Tens of thousands of homes and businesses across the island of Ireland lost power overnight as Storm Eleanor swept in.
In the Irish Republic at least 55,000 properties experienced blackouts as the winter storm battered the network.
In Northern Ireland more than 20,000 customers, mainly across the border counties, were left without power at the height of the gales.
Winds of up to 100mph wreaked significant damage and caused flooding on the Atlantic coast.
Parts of Galway city were submerged in the rising waters. Flooding also hit Salthill, Oranmore and Clarinbridge as high tides combined with gale-force winds.
Some cars were abandoned in Oranmore as roads were blocked while others in a car park in Salthill were partially submerged.
ESB Networks said counties worst affected in the Republic included Galway, Mayo, Sligo, Leitrim, Cavan and Monaghan. Across the island, fallen trees forced road closures.
North of the border, there were 400 separate incidents of damage to the electricity network.
Engineers worked through the night to restore power to thousands of customers. By 7am, 3,000 remained without supply in Northern Ireland.
Julia Carson, from Northern Ireland Electricity (NIE), said: “The damage caused by Storm Eleanor includes power lines brought down by falling trees and poles broken by the high winds.
“We have been working in difficult conditions since yesterday evening to restore power to over 20,000 customers and we’ll continue to respond to reports of damage and reconnect supplies as quickly and safely as possible.”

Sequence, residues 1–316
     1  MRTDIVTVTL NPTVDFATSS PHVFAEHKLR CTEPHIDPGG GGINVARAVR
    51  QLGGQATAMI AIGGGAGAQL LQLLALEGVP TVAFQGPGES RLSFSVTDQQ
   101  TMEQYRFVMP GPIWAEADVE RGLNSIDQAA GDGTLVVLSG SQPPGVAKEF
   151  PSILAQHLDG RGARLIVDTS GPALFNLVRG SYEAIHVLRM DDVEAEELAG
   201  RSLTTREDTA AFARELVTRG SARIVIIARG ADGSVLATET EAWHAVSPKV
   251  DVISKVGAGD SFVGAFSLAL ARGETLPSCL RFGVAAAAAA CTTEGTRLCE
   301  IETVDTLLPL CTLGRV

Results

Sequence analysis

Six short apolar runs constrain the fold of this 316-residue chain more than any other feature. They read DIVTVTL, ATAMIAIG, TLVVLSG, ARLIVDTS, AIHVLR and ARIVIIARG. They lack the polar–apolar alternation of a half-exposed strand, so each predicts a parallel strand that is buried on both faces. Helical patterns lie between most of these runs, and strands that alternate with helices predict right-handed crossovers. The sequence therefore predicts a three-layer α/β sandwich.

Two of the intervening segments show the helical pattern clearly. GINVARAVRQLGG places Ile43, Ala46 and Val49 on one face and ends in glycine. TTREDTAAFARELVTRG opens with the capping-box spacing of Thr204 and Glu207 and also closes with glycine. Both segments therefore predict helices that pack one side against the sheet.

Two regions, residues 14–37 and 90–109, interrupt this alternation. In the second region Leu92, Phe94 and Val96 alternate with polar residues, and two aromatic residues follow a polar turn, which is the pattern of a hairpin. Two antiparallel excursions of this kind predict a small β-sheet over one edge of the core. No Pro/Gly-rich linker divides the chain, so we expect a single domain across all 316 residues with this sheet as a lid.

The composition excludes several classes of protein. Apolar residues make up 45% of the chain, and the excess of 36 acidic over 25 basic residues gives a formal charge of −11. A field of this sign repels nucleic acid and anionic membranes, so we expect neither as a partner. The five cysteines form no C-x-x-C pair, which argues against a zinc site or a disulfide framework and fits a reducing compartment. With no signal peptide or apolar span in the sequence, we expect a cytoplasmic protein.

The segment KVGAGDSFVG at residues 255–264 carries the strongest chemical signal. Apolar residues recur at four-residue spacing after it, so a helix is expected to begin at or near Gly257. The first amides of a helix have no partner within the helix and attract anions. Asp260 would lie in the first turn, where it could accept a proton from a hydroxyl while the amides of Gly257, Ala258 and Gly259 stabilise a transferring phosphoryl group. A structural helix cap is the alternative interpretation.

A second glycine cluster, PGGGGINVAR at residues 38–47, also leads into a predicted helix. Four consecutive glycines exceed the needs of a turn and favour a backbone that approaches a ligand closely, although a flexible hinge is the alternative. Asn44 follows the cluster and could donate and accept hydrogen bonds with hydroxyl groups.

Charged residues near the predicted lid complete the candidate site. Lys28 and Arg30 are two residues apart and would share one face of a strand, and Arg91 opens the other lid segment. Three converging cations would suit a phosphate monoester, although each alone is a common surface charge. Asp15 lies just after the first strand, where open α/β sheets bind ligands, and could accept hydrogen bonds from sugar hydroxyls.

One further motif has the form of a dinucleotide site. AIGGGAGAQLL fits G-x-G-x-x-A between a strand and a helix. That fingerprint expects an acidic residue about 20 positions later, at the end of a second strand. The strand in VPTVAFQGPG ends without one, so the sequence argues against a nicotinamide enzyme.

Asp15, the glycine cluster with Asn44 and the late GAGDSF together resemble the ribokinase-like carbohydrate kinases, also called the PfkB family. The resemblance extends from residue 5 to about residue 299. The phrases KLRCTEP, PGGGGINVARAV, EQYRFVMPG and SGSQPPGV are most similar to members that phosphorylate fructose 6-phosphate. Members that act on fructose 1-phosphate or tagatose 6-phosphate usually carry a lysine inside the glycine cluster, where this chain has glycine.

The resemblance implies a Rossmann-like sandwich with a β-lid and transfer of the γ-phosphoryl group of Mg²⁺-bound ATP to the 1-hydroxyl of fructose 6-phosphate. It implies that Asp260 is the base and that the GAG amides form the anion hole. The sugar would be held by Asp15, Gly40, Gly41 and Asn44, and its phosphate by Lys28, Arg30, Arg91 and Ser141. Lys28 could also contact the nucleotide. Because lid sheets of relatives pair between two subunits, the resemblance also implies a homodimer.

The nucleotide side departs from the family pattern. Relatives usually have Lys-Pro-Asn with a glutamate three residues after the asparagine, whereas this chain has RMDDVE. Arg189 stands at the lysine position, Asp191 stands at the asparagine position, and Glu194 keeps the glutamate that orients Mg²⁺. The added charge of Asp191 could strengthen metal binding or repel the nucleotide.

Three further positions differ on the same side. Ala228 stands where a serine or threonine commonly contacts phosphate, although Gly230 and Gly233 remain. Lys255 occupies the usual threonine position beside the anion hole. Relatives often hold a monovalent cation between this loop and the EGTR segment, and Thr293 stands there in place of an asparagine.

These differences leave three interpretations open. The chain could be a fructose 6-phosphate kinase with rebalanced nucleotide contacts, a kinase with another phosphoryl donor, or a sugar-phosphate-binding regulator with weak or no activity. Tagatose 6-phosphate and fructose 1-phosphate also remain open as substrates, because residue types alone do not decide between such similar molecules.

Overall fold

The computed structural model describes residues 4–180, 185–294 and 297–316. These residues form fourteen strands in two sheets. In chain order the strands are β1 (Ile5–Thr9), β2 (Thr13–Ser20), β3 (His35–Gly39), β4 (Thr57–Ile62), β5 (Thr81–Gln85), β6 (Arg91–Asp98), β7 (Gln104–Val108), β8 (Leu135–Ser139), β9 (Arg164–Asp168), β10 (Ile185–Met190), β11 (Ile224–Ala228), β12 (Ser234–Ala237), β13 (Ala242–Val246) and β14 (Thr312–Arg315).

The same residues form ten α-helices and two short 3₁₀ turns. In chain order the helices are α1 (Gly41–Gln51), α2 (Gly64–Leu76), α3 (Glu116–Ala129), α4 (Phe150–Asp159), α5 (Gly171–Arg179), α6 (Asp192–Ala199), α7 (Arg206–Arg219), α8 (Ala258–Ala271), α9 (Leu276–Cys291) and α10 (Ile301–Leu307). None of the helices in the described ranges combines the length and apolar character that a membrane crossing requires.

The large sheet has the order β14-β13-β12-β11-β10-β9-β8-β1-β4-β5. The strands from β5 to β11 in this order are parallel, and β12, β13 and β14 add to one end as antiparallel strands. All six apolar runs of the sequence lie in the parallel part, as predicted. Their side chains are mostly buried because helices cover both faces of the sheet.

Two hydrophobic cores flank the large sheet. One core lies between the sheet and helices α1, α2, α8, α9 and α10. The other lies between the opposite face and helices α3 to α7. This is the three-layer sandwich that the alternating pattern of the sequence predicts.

In Galway, streets around the docks were flooded after high tides breached defences and inundated the areas around the Spanish Arch, Claddagh, Dominick Street and Quay Street.
Water was more than 1ft deep in places.
The Coast Road from the city to Oranmore was also impassable at rush hour on Tuesday as high tide combined with the strong winds to cause local flooding.
In Gort, Co Galway, households were warned about potential disruption to water supplies after power cuts hit the local pumping station.
There were also reports of spot flooding on the N85 Ennis to Ennistymon road in Co Clare.
In the Irish Republic, a Met Eireann orange wind warning remained in place for Wednesday morning for counties Donegal, Galway, Leitrim, Mayo, Sligo, Clare, Cork, Kerry and Limerick.
The forecaster said: “Westerly gale to storm winds together with high tides and exceptionally high seas will result in coastal damage and flooding. Damaging gusts likely inland also.”
A Met Office yellow wind warning affecting all of Northern Ireland was due to lift at 6pm.